I took the tote and broke up the clumps then used my reptile screen top as a screen. I screened and rubbed the clumps through, leaving me with nice light gray colored dirt and clay. I decided to do a test run in a half gallon that I have from my childhood.

The jar -



Here it is, one inch -



A inch, inch and half of gravel -




Filled it up by putting a container top and gently pouring water in. -



Perfect clarity! Success!

I'm going out today to try and find the eggcrate grate and buy some sand since I read that newts prefer sand, then redoing the tank! Keep an eye on this thread for further updates.
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post #11 of 15 (permalink) Old 05-13-2012, 06:46 PM Thread Starter
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Update! Boy, what a pain this was! First, here's the wonderful light gray mineralized topsoil. I definitely still have plenty left for my Beverage Dispenser El Natural Shrimp Tank when I get around to that project. -




I took out everything, including the old dirt. When I took out the plants, I could tell that it wasn't really working since the dirt layer was so thin. I could see the bottom of plant roots trying to reach into the dirt when I pulled the plants out. I used a colander to rinse the dirt out from the gravel. That worked well except for the larger bits. Here's the fresh dirt in the tank, just a little bit over an inch of depth -




I went out and bought pool filter sand. $6.24 for 50 pounds! I also like the natural color. I think it'll really make the newts pop. Shrimp, maybe... The sand was FILTHY. I had to rinse out the sand in a bucket at least six times each. I put a really thick layer of sand on, over an inch as well. I fear I may have put in too much for the plants... but we'll see... -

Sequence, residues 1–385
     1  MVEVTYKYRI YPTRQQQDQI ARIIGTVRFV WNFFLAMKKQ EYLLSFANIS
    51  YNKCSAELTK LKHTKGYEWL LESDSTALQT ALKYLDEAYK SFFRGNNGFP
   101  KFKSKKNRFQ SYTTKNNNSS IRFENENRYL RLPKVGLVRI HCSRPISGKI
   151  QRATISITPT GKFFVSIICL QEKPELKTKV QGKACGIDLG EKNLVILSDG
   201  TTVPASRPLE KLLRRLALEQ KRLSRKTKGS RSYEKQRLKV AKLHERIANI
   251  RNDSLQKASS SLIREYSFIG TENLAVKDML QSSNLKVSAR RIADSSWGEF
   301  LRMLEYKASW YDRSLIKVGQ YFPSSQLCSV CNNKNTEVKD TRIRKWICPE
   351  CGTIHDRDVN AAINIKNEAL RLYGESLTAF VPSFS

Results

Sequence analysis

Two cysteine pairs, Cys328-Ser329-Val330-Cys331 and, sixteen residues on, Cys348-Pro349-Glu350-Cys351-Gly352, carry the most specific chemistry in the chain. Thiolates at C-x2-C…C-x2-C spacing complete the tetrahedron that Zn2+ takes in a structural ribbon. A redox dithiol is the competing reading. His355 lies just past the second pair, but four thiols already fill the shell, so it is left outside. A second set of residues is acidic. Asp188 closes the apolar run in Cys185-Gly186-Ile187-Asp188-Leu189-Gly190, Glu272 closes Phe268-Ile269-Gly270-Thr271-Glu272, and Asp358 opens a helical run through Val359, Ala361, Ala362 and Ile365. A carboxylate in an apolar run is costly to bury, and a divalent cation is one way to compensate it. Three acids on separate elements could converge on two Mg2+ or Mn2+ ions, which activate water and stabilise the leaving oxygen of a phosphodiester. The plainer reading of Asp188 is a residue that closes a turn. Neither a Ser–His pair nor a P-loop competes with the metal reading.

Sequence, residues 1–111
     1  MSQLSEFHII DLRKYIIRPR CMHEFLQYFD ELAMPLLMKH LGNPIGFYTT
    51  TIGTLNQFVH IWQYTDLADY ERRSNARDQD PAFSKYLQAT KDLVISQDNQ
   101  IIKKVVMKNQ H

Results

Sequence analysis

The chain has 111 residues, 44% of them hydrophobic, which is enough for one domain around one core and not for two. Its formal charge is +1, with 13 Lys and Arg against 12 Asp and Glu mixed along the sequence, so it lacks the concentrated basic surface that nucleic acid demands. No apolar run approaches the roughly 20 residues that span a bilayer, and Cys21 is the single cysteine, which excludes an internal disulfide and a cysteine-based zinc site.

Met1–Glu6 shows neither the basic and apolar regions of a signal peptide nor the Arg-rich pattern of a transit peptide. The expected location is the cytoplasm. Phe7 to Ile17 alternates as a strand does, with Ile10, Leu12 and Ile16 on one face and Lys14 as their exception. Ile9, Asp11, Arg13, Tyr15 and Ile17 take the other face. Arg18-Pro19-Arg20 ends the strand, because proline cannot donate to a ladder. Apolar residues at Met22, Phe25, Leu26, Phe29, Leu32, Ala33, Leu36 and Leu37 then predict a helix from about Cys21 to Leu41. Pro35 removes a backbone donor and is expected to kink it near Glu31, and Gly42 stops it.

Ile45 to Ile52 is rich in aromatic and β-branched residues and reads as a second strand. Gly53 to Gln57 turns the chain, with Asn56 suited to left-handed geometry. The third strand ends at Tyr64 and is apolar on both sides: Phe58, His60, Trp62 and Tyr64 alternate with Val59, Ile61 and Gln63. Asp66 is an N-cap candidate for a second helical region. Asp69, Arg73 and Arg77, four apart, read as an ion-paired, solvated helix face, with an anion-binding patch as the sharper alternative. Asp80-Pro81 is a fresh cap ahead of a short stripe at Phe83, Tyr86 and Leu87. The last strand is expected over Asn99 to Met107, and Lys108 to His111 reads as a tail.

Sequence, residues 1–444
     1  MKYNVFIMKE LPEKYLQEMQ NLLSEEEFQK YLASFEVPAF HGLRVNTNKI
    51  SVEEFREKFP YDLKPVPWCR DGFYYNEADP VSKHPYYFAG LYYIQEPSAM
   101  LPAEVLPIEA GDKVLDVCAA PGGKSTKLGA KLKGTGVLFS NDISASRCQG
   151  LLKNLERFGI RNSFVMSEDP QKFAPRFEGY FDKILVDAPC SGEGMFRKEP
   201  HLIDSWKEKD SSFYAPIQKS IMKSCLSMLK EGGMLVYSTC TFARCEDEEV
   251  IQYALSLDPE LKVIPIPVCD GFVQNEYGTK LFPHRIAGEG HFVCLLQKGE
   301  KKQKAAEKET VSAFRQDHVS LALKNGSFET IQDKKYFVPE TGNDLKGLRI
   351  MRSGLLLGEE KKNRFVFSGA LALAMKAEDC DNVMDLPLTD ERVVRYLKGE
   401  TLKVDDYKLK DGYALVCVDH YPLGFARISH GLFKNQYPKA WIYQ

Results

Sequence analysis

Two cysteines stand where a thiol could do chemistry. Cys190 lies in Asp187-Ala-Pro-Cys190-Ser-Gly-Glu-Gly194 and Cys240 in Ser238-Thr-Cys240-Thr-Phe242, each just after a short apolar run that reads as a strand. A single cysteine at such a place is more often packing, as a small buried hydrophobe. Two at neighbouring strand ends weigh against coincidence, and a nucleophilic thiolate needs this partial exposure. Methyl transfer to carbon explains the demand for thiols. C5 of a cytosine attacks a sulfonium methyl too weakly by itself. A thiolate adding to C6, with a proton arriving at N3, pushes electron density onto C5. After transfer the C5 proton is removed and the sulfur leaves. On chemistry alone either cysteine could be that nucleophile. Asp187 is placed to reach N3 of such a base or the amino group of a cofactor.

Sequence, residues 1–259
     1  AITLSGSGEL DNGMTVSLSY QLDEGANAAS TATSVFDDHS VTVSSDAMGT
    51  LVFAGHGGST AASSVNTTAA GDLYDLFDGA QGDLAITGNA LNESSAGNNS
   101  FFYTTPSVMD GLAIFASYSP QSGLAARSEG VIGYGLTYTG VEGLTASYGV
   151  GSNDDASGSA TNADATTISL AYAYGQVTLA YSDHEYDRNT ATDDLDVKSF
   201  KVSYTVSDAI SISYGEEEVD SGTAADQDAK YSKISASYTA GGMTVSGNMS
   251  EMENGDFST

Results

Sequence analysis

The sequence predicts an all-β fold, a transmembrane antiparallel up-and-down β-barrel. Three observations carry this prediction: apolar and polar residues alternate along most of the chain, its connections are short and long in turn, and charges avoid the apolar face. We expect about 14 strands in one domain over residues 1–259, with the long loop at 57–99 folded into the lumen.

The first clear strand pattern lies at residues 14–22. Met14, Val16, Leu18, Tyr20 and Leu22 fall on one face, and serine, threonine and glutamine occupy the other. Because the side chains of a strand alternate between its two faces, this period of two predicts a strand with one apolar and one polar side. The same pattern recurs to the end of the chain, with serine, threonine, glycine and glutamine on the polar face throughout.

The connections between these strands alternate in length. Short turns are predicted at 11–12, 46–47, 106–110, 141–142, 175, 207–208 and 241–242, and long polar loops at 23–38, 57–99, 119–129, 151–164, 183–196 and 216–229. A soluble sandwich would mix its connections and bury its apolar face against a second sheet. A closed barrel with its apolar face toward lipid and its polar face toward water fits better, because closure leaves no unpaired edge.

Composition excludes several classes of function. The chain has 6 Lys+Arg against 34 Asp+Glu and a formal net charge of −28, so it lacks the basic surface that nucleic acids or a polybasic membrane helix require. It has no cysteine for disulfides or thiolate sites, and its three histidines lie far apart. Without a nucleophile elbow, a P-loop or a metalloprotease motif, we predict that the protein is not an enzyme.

Found the eggcrate grate at Home Depot. This thing is HUGE, though... I hadn't realized that it's actually a light fixture. o.O Paid about $13-$14 for it. I used wire cutters to cut it up into what I wanted. This photo is the edge of the ramp, I was cutting the sharp corners off at an angle then sanding it down smooth.




This was my first ever time attempting silicone. Needless to say, I made a gigantic mess... There are definitely air bubbles in the bead, but whatever. It will suit this purpose fine since this isn't supposed to hold an aquarium together, which in that case, has to be absolutely perfect. No air bubbles in those seams. Once the silicone is fully cured, I'll use a razor to trim away the excess. Anyway, here's the ramp siliconed in -



It's a bit too long, though. You can see warping here. I didn't want to cut the edge off since that would take away almost all surface area for the silicone to adhere to. -